The Tragedy of Quack Anti-GMO Science

A half-century ago, the International Rice Research Institute, based in Los Banõs in the Philippines, and the Indian Council of Agricultural Research in Hyderabad entered into a partnership that ultimately would forestall an apocalyptic famine in which millions would almost certainly have died. The organizations are now celebrating 50 years of cooperation and the effect they have had on hundreds of millions of peoples’ lives.

One of the answers was famously semi-dwarf rice, developed by IRRI with the help of the Rockefeller Foundation and the US Agency for International Development (USAID). The methodology behind dwarf rice was simple. Shorter, sturdier stems kept the rice from falling over and becoming waterlogged during heavy rain. Later extensive developments would lead to continually improved yields that would become known as the Green Revolution. SVS Shastry, a distinguished breeder and geneticist, was coordinator and project leader of the All India Coordinated Rice Improvement Project, which was instrumental in the project.

“The bread and butter of crop improvement is genetic enhancement and crop husbandry,” Shastry was quoted as saying in IRRI’s house publication. “The genotypes must be matched with the biological and physical environment in which the crop is grown. IRRI and AICRIP met this challenge guided by the competence and vision of the scientists at both institutions.”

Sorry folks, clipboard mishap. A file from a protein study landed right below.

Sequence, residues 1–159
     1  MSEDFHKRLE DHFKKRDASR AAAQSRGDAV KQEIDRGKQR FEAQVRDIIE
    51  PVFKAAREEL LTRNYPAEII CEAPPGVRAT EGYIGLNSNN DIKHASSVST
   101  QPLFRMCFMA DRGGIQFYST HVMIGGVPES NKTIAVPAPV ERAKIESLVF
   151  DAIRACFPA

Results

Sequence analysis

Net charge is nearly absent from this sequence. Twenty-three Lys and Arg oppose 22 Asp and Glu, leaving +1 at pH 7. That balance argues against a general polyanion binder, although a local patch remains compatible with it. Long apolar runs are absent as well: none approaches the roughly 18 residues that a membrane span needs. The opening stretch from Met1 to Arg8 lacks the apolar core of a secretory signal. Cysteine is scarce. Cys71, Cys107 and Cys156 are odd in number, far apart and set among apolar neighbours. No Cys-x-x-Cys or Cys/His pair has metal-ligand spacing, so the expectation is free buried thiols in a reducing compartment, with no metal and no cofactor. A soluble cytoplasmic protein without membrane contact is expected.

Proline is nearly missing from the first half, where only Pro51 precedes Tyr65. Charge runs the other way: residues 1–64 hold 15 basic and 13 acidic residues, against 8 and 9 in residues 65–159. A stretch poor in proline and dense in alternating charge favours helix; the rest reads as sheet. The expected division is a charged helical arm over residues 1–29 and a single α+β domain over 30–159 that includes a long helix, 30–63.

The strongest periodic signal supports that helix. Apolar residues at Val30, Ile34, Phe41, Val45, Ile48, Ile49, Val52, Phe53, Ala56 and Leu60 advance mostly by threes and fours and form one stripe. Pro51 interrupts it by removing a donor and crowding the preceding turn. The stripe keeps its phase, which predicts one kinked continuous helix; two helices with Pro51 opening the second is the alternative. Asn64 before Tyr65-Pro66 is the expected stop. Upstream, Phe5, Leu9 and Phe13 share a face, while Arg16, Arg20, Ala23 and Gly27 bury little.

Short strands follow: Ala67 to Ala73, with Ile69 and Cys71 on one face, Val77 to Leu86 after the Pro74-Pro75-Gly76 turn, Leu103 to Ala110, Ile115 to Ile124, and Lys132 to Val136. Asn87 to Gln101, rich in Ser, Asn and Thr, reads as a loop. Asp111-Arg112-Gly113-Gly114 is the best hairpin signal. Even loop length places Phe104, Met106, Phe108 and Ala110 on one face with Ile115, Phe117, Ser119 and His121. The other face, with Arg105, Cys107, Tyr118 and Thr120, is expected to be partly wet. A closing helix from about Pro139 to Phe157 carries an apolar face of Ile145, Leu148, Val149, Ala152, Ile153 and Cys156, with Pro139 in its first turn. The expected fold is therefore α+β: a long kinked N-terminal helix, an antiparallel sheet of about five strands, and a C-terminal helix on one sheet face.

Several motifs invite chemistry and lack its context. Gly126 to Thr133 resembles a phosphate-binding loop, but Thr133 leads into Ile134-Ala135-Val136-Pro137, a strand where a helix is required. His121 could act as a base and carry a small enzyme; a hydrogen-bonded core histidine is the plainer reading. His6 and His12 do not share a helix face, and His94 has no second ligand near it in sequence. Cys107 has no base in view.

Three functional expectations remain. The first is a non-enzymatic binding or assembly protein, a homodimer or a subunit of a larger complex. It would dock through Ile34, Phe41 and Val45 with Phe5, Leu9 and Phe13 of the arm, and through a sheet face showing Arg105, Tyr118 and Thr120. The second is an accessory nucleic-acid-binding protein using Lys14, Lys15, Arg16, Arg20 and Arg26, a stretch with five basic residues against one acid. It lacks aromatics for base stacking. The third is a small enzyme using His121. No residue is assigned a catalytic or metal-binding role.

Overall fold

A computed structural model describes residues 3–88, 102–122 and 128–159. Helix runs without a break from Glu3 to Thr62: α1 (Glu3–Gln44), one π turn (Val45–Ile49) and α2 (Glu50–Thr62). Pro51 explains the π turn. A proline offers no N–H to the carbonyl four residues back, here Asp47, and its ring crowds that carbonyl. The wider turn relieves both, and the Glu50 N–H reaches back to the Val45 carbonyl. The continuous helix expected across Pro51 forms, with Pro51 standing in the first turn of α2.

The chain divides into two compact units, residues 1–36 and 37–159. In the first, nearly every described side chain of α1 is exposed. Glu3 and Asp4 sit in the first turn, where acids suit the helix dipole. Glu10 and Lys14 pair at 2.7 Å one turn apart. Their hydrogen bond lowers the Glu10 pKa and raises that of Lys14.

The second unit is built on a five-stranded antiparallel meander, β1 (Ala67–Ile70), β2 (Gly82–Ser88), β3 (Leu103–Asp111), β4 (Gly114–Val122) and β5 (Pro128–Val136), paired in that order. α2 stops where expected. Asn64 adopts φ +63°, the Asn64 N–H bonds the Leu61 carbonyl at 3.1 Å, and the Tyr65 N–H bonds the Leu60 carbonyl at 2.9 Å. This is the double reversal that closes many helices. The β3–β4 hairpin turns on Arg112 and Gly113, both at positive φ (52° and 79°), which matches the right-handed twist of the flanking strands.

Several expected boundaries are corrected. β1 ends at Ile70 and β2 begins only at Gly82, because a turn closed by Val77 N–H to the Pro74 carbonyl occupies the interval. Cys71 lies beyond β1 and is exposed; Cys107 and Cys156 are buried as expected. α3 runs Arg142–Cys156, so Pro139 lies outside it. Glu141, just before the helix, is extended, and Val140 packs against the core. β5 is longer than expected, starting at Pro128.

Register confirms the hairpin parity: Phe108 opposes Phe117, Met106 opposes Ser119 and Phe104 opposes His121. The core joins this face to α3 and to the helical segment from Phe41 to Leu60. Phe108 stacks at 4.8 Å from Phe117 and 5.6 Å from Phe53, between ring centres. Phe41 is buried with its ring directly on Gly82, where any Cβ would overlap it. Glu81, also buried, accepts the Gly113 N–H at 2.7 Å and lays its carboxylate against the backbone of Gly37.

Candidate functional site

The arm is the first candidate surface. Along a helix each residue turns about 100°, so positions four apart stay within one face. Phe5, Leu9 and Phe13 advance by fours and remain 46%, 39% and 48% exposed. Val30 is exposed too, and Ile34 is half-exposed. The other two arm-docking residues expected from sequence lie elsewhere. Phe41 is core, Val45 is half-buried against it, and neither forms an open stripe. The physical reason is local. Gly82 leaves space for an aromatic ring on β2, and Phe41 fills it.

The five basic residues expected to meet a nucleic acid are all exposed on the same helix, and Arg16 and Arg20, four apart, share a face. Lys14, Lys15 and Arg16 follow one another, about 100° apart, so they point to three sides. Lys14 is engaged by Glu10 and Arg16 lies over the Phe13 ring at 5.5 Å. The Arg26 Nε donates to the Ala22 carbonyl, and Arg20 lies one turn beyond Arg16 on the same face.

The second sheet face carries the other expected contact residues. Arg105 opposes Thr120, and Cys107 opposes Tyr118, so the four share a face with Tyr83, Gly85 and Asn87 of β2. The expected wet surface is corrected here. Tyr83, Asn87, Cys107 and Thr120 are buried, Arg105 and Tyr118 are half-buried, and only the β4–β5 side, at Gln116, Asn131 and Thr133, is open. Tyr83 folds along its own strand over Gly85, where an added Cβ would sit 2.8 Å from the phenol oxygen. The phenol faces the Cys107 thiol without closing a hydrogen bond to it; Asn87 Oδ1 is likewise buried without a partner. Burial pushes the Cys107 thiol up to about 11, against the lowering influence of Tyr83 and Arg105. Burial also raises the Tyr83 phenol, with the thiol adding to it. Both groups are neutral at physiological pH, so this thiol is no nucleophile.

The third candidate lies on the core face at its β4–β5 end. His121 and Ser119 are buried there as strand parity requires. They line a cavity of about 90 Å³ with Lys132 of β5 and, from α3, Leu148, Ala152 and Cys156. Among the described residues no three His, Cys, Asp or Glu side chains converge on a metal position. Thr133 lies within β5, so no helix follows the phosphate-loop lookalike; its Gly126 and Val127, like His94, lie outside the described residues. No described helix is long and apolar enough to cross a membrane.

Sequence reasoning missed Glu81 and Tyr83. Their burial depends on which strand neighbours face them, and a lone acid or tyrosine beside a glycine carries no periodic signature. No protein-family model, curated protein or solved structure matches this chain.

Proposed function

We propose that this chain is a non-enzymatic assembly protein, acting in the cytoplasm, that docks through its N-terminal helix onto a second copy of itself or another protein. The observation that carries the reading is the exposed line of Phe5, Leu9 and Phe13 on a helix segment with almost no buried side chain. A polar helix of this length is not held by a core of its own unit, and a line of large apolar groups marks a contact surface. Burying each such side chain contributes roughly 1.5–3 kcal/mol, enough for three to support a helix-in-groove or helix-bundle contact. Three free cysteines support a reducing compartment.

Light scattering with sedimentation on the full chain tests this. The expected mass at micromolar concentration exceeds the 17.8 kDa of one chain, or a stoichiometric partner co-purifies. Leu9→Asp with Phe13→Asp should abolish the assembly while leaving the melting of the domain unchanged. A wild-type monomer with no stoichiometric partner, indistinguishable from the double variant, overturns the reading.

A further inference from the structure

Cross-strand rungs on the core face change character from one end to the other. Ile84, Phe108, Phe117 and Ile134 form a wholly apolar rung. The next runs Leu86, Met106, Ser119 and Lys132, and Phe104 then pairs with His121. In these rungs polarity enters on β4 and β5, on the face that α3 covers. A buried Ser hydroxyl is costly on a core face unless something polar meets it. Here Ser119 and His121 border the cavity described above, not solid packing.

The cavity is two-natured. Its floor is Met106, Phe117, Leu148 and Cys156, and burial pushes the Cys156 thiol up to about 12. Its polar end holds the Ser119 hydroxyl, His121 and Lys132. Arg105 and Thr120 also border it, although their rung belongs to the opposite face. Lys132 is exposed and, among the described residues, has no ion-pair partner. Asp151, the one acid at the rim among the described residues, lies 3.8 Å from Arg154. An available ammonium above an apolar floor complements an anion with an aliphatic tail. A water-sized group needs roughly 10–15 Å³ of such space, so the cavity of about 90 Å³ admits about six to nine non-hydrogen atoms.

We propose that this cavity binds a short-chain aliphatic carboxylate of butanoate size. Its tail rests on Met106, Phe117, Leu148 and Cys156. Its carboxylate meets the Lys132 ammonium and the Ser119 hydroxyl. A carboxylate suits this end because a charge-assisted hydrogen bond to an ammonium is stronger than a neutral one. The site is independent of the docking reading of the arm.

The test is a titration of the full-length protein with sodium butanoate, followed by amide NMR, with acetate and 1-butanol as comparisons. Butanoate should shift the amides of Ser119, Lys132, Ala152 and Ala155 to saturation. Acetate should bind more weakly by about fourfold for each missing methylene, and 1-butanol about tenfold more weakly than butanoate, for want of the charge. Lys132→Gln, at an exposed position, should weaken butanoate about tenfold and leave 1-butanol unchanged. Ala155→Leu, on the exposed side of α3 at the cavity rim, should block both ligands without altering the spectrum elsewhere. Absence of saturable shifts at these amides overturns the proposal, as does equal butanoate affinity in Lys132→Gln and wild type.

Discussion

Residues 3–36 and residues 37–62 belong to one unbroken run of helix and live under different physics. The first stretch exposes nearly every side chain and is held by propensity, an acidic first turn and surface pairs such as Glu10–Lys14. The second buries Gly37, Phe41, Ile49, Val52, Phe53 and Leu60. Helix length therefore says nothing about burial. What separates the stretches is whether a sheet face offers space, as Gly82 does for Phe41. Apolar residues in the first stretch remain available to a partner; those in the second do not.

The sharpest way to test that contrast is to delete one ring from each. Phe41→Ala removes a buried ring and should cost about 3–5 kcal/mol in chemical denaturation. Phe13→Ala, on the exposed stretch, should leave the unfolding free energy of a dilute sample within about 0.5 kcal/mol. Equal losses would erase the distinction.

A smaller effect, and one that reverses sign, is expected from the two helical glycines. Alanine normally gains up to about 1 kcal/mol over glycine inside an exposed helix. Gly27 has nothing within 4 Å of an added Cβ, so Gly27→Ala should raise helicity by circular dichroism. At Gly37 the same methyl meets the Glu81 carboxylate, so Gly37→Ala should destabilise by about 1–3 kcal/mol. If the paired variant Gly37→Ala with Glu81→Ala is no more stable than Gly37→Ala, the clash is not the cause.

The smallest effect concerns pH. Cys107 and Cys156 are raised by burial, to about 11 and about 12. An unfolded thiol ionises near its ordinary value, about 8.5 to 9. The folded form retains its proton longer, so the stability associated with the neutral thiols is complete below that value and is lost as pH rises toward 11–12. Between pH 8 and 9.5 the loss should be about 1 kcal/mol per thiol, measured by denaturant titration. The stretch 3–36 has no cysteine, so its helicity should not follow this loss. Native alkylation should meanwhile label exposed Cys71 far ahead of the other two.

Fifty years of genetically improved rice varieties, like the rest of GMO foods, nonetheless remain hugely controversial. In August of 2013, 300 farmers and militants whipped into a frenzy over fears of genetically modified foods stormed a Philippine Department of Agriculture regional office in Bicol and stomped out a 1,000 square meter experimental rice field being developed with cooperation of IRRI. In doing so, they destroyed part of a project designed ultimately to protect up to 200 million people from irreversible blindness because of Vitamin A deficiency. The project was being developed with funding from the Bill and Melinda Gates Foundation, created by the billionaire Microsoft founder.

Robert Ziegler, IRRI’s director general, mounted an angry and impassioned defense of genetically modified foods following the vandalism, saying that “as an intellectual direct descendant of the architects of the Green Revolution, it is heartbreaking to see their noble endeavors attacked by people claiming to defend the environment and the interests of the poor.”

Genetically modified experiments have been destroyed in France, Germany, the United Kingdom and Switzerland, Italy, Belgium, Australia and Oregon in the United States, among many others, a tragedy at a time when the world is seeking to find new ways to feed itself.

Mark Lyman, a onetime opponent of GMO foods, writing on April 24 in the New York Times, pointed out that the environmental movement’s war has led to a perception on the part of 63 percent of the American public that the foods are unsafe to eat and bad for the environment. That is despite the fact that decades of testing and practical experience have never turned up problems with genetically modified foods. Ten studies purporting to show damage to DNA and other health issues have been thoroughly debunked. There is no Frankenfood.